A sample for review.

We drink wine for many reasons, for pure enjoyment with a meal or perhaps for the prestige that a great, long-lived bottle brings; for raging thirst and desire or for the conviviality of friendship. Here’s a brief tale about one of those motivations.

In the early 1990s, we made the acquaintance of Jack M., an elderly man, a native Memphian, who had returned to the city after closing his gallery in New York. Before his sojourn in Manhattan, he had operated a gallery in Paris for several decades. He abandoned New York primarily because of a crippling ailment that gradually deprived him of the power of movement. Not of thought or expression, though, not a bit of that. Jack was sharp, witty, a little irascible but always courtly and considerate, widely-read and knowledgeable about all the aspects of life worth knowing about, but primarily art, literature and music, food and wine. His garden apartment in Memphis was filled with drawings, prints and paintings and books, many of these objects inscribed by grateful artists and writers to their benefactor. We visited Jack as often as possible; though a few relatives attended to his needs, he was lonely in his city of origin, a sad fate for such a gifted raconteur with a talent for friendship. Just in the time we knew him, he had to give up his car, yet he never complained about the pain his affliction brought him, only the inconvenience.

Much as he loved food and wine, Jack’s doctors forbade him any indulgence in the latter of those essential quantities, a ban that gave him a great deal of frustration. When we invited him to our apartment for dinner, an occasion that required the working out of all manner of logistics, I pondered the wine issue deeply. Would it be an act of mercy or arrogance to disobey his doctors’ orders and give Jack a glass of wine? And how would he feel if the rest of us had wine and he didn’t? And would it seem strange to have no wine on the table at all, a gesture that would make no sense to this Francophile?

The dinner was simple: A roasted chicken, scalloped potatoes and a salad. At a private wine tasting I had been to recently, a collector had given me a bottle of Madame Leroy’s Bourgogne Rouge 1989, the basic, classic entry-level wine from the most meticulous and expensive of Burgundy houses. At four years old, it would be drinking perfectly. That night, our friends drove to Jack’s place, brought him to our building and helped him up the stairs to our second-floor apartment. Setting the table for five, I positioned a wine glass at each place, but at dinner time poured only four glasses.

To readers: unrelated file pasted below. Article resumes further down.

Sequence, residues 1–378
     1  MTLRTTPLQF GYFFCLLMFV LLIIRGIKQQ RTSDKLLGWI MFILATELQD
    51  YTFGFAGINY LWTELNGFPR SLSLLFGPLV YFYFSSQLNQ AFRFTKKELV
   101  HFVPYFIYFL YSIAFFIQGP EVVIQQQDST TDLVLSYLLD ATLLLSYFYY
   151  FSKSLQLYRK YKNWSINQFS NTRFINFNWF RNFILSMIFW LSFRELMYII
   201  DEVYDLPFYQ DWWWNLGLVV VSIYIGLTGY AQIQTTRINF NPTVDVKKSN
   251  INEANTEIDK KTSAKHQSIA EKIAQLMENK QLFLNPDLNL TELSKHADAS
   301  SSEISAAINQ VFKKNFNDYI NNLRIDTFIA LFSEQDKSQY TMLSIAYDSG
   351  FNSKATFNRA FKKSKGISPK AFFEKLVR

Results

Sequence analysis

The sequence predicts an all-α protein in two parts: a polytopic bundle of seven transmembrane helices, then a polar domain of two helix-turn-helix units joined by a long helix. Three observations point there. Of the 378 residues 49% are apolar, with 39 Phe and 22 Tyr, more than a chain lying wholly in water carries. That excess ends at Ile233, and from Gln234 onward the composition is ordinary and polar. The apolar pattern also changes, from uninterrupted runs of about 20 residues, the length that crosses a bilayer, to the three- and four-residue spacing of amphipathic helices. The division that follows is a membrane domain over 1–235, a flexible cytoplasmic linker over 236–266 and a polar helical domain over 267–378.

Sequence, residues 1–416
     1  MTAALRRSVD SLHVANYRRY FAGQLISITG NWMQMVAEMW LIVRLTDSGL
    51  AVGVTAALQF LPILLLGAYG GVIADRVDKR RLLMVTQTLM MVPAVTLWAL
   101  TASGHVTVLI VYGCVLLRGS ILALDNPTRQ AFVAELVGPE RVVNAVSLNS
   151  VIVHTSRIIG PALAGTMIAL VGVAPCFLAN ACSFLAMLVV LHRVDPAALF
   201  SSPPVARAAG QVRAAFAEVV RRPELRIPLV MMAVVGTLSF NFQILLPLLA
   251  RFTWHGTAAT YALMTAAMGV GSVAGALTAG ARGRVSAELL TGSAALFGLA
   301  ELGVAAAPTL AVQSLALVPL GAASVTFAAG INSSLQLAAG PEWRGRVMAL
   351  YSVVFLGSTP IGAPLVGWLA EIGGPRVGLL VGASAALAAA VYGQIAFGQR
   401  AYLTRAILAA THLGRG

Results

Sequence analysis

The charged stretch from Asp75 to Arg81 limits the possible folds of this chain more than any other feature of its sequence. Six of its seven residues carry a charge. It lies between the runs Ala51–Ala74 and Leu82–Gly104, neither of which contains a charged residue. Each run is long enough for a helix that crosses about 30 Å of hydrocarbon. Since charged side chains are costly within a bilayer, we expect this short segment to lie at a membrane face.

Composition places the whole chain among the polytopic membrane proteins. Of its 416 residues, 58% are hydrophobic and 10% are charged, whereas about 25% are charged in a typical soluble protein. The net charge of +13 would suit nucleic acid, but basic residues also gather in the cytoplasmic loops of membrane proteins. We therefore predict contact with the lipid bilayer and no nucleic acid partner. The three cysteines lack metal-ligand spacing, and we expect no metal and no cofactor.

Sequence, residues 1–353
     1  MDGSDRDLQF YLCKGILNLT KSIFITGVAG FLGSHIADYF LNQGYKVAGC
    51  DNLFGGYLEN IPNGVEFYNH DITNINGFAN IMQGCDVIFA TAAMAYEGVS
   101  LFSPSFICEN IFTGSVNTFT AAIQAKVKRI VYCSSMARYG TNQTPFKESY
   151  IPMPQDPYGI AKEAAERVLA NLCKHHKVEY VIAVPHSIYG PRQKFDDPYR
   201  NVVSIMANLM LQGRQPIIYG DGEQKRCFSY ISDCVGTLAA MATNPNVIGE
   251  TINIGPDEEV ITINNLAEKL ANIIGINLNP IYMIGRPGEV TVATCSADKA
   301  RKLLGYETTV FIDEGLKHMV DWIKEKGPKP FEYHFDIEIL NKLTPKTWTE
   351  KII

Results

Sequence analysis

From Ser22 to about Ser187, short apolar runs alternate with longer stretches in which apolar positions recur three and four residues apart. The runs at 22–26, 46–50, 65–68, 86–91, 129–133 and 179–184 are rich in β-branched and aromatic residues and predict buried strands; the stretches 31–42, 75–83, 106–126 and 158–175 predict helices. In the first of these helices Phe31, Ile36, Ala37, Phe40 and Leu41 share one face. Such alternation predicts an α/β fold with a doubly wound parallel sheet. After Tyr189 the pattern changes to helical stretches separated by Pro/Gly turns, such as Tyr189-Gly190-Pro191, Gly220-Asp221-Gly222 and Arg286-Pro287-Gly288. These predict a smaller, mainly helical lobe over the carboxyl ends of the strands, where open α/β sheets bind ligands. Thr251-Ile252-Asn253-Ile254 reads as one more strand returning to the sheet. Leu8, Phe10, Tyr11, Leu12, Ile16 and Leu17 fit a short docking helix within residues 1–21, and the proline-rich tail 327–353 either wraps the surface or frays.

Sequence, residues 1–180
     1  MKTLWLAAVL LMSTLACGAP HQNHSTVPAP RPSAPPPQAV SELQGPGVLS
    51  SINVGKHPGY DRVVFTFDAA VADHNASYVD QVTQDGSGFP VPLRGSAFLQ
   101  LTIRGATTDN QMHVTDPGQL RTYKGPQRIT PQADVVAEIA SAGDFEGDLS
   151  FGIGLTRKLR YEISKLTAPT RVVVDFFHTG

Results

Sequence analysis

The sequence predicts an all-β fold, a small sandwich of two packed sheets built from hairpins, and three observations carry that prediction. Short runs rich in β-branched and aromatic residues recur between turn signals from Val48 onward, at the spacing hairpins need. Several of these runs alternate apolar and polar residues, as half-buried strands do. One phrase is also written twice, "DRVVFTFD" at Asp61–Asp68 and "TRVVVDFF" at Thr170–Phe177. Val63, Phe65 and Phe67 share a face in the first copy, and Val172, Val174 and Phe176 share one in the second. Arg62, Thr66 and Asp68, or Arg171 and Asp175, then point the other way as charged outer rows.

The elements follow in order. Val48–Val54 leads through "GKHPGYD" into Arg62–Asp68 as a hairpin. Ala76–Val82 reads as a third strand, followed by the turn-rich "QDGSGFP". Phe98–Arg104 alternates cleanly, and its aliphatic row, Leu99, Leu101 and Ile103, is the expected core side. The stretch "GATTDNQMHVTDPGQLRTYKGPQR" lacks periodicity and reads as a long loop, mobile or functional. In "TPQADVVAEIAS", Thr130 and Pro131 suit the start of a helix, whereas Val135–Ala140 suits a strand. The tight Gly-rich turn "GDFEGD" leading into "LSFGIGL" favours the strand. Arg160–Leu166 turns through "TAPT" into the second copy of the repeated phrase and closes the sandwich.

Jack regaled us with stories about his time in Paris and New York, anecdotes, a few scandalous, about artists and writers he knew, and tales about his life and travels. He kept an eye on that bottle of wine, though, and finally he said, “How about pouring me a little of that wine? Just an inch.” I looked at my wife and she nodded, so I said, “Sure, Jack, an inch of wine can’t hurt.”

On the candle-lit table in our darkened dining room, the wine glowed deep cherry-red, like a glass of wine in a Dutch still-life painting. Jack lifted the glass to his nose and sniffed the pinot noir aromas and then drank the wine down in one long supple swallow. He sat still for a moment, holding the glass, and then said, “God in heaven, that was good. Bless you.”

Jack died a few weeks after that dinner party, to which he brought a present of Armagnac in a funny old bottle that leaned over at the top, as if the bottle itself were joyfully inebriated. We held on to that Armagnac for years, sipping a glass late at night occasionally, until only an inch or even less pooled at the bottom. On Christmas Eve 2006, I poured the last of Jack’s Armagnac, and we toasted to the generosity and kindness of a man who knew how to live and how to die.

And that’s a great reason for drinking wine.

This little piece is dedicated to Meg Houston Maker, whose lovely and insightful writing about food and wine and whose talent for storytelling continue to inspire me.

LaCrema-Rose16-1
It’s a beautiful Spring day in our neighborhood, and I hope that’s the case in your neighborhood too. You can tell that it’s a beautiful Spring Day because the lawn mowers and leaf-blowers fired up about 7:30 this morning. Beautiful Spring days — and Summer also — call for crisp refreshing rosé wines, and my candidate today is La Crema Winery Pinot Noir Rosé 2016, from Monterey County, the first produced by this winery that has been part of Jackson Family Wines since 1993. Appropriately made all in stainless steel, this delightful wine offers a lovely coral-smoky topaz hue and delicate aromas of orange rind and pink grapefruit with a hint of strawberry, opening, after a few moments in the glass, to almond blossom and a hint of heather. Bright acidity keeps this sleek rosé lively and appealing, while the finish brings in a welcome note of bracing limestone and seashell salinity. 13.5 percent alcohol. One need not ask for anything more from a thirst-quenching porch-patio-picnic wine. Very Good+. About $20.

A sample for review.